Do Relationships Matter? Evidence from Loan Officer Turnover
Author(s)Drexler, Alejandro; Schoar, Antoinette
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We show that the cost of employee turnover in firms that rely on decentralized knowledge and personal relationships depends on the firms' planning horizons and the departing employees' incentives to transfer information. Using exogenous shocks to the relationship between borrowers and loan officers, we document that borrowers whose loan officers are on leave are less likely to receive new loans from the bank, are more likely to apply for credit from other banks, and are more likely to miss payments or go into default. These costs are smaller when turnover is expected, as in the case of maternity leave, or when loan officers have incentives to transfer information, as in the case of voluntary resignations.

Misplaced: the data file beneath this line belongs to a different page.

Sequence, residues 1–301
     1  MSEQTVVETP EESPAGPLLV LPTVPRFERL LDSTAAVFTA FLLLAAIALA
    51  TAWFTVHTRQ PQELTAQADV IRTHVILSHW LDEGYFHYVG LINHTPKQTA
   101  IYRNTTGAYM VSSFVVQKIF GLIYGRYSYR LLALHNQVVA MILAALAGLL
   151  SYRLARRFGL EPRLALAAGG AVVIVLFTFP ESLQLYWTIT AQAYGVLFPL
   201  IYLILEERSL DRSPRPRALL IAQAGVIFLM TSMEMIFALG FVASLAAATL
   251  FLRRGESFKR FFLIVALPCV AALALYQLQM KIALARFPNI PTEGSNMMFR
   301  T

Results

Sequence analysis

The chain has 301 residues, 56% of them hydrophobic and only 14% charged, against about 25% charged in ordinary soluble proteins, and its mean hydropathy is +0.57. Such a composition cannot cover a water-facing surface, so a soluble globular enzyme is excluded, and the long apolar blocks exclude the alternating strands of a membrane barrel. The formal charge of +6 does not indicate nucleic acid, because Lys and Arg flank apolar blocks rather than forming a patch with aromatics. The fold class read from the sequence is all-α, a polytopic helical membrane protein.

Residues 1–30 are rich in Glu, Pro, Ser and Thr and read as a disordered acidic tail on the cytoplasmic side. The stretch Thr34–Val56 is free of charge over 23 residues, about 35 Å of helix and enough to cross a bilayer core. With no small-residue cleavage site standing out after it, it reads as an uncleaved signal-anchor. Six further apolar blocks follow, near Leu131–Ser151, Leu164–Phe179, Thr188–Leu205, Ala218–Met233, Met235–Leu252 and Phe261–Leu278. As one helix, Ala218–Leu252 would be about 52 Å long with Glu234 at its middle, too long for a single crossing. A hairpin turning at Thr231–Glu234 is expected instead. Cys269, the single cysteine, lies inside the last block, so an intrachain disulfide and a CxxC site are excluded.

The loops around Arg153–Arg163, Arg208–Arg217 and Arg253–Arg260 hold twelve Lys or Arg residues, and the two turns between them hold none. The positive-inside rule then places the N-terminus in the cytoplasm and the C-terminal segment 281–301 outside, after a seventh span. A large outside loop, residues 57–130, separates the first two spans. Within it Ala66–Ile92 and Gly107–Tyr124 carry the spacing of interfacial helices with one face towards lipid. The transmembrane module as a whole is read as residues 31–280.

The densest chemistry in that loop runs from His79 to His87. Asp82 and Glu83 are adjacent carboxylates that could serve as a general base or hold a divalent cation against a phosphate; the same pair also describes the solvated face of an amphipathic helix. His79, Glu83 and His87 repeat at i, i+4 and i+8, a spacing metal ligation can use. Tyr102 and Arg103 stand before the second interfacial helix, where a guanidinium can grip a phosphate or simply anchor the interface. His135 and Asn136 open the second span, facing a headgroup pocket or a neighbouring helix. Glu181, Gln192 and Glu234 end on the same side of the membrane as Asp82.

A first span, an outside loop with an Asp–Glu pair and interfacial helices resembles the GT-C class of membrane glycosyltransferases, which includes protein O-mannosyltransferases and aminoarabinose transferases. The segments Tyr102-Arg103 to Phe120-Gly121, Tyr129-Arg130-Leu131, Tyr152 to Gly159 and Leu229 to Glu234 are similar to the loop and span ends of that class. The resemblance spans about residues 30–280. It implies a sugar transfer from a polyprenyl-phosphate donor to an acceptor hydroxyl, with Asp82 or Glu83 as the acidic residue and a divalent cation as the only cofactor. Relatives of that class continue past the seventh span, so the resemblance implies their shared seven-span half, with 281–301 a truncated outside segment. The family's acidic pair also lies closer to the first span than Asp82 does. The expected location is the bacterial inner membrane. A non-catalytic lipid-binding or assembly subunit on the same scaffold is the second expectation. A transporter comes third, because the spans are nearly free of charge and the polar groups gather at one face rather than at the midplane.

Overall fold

DepartmentSloan School of Management
Institute for Operations Research and the Management Sciences (INFORMS)
Drexler, Alejandro, and Antoinette Schoar. “Do Relationships Matter? Evidence from Loan Officer Turnover.” Management Science (August 2014).
Author's final manuscript